On July 13, the Balochistan province of Pakistan witnessed its worst ever terrorist attack, when a suicide bomber blew himself up at a local election rally in Mastung district. The explosion killed 149 people and wounded 186 people. It was the biggest terrorist attack in the history of the south-western province of Balochistan in terms of its death toll. Balochistan has been wracked by a separatist insurgency since 2005 and terrorist attacks are fairly common, but the Mastung attack was terrifying even for the people of Balochistan.
The attack in Mastung shook the entire country, brought the election campaign in Pakistan to the brink of suspension and raised serious questions about the security and stability of the country at large. The attack was claimed by the Islamic State of Iraq and Syria (ISIS) (a connection which has been confirmed by the local police) and carried out by a teenage boy from Sindh, whose four siblings are in Afghanistan fighting on behalf of ISIS. Such trends towards radicalism among youth in the region not only threaten the stability of Pakistan, but also the future of Pakistan’s proclaimed economic savior – the China-Pakistan Economic Corridor (CPEC).
ISIS continues to pose a threat to Chinese interests in Pakistan, and has in the past specifically targeted Chinese citizens living in Balochistan in retaliation for what it perceives as China’s infringements of the rights of its Muslim population. In May 2017, a Chinese couple were kidnapped by ISIS from the center of Quetta, the capital of Balochistan. In order to recover the Chinese couple, Pakistani army commandos conducted a surprise military raid on an ISIS hideout in Mastung in June 2017. This raid resulted in the death of 12 ISIS terrorists, including the chief of their Balochistan chapter, but sadly failed to recover the Chinese couple, who were executed in retaliation. That incident effectively ended the free movement of Chinese citizens in Balochistan province. Now, as I have observed, they only travel with strict government security.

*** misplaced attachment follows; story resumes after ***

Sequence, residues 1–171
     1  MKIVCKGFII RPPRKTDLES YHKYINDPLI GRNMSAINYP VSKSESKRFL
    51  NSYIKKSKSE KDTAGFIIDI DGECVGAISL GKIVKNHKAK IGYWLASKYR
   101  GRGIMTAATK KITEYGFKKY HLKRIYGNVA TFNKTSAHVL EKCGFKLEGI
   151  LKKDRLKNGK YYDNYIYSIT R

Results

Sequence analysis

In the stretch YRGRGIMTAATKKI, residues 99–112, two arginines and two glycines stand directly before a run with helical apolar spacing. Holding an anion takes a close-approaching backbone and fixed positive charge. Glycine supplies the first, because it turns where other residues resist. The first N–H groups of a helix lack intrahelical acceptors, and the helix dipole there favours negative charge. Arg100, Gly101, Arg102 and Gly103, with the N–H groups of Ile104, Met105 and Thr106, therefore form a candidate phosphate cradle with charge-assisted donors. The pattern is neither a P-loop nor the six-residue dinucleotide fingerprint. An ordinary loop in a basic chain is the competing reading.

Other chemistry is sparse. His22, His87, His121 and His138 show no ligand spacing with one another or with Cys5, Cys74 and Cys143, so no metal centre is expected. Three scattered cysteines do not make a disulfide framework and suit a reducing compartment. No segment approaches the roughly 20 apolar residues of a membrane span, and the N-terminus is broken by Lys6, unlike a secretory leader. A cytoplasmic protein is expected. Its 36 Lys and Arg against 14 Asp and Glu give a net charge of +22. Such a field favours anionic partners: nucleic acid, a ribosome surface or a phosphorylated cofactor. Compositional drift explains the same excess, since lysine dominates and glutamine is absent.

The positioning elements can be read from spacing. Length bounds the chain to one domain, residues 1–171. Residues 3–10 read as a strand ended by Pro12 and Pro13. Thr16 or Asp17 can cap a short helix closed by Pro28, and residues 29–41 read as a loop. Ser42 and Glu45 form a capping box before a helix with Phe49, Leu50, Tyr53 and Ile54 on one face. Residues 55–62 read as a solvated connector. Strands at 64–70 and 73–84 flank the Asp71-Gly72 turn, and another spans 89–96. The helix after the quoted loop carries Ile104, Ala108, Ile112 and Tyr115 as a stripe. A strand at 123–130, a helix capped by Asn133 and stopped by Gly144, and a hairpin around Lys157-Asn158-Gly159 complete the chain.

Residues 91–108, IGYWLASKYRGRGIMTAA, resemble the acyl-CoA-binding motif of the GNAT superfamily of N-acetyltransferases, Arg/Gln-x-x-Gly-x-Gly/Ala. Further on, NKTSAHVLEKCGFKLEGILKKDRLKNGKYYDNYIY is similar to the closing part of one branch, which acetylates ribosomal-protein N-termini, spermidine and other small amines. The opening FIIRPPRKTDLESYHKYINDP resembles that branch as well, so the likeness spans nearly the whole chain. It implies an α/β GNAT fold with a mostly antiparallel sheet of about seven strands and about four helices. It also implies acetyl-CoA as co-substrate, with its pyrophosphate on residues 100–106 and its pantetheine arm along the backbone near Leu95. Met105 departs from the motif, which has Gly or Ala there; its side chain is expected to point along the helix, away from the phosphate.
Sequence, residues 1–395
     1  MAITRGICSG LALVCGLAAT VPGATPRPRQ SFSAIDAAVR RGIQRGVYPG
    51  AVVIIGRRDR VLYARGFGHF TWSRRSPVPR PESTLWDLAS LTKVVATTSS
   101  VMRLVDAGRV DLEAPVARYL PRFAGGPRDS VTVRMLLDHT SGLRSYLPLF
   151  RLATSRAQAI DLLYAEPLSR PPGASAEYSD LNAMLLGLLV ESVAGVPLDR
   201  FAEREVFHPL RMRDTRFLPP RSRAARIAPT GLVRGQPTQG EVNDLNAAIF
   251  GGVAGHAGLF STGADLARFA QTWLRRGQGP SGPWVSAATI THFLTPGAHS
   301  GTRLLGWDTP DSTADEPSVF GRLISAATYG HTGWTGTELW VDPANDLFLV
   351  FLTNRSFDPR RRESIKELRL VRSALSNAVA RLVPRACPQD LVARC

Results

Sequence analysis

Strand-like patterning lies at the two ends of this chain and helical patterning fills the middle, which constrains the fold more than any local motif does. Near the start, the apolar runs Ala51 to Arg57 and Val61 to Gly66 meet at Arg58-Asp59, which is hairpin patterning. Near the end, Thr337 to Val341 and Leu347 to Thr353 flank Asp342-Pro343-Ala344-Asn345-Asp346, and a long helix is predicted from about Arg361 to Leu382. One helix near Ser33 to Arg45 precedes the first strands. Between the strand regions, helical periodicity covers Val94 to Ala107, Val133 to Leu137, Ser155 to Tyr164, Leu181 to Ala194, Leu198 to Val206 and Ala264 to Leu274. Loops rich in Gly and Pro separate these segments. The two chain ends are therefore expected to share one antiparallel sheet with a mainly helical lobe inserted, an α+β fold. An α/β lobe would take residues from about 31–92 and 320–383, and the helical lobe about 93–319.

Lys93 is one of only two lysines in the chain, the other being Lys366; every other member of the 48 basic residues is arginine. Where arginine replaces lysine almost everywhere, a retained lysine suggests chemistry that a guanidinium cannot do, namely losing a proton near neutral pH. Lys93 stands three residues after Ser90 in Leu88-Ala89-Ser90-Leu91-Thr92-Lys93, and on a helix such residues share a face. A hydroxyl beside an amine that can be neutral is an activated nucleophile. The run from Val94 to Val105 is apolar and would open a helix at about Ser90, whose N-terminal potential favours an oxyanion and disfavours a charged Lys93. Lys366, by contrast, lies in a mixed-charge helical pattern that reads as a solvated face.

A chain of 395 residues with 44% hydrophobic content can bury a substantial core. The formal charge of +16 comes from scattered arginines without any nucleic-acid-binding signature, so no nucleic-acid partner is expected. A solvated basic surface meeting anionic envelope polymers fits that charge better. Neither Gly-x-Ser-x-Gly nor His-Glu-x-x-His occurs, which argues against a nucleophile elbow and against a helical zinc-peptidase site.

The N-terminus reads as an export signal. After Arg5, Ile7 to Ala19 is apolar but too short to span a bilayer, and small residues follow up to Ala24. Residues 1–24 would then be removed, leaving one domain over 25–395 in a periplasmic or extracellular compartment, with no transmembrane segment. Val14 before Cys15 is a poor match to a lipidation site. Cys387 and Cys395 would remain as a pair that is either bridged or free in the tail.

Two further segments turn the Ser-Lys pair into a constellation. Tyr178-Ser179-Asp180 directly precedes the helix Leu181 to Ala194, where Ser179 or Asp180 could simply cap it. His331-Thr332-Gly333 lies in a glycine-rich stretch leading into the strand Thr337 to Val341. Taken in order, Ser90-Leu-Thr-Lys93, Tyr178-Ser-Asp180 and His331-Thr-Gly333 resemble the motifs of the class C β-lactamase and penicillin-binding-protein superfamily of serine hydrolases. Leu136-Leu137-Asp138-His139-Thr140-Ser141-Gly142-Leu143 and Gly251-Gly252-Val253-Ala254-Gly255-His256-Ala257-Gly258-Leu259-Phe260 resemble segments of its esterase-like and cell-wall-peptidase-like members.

Why did ISIS target an election rally in Balochistan? ISIS was established in June 2014 in Iraq, and aims to establish an Islamic caliphate made up of every territory which was once ruled by Muslims. An Islamic caliphate is a 7th century political government formed by the successors of the prophet of Islam. ISIS’ imagined caliphate includes many sub-states, the largest of which is called Khorasan, which is made up of Pakistan, India and Afghanistan. As analysts have argued, all ISIS terrorist activities in Pakistan are ultimately meant to pave the way for the establishment of ISIS-controlled Khorasan.
Map of territories ISIS claims (Picture Credit: Daily Mail)
ISIS is rapidly growing within Pakistan. According to reports, more than 30 well-trained and lethal al-Qaeda and Taliban fighters defected to ISIS in 2015. A report published by the Pakistan Institute for Peace Studies (PIPS) in January this year claimed that ISIS’s influence is on the rise in Balochistan. It has also been reported that ISIS is establishing its network in the Makran division so that it can focus on Gwadar, a port city and the starting point of the CPEC in Pakistan. Presently, Gwadar is the only city in Balochistan where Chinese citizens are working, under strict security. ISIS’s plans to focus its terrorist activities on Gwadar speaks volumes about its intention to target Chinese citizens and interests in Pakistan.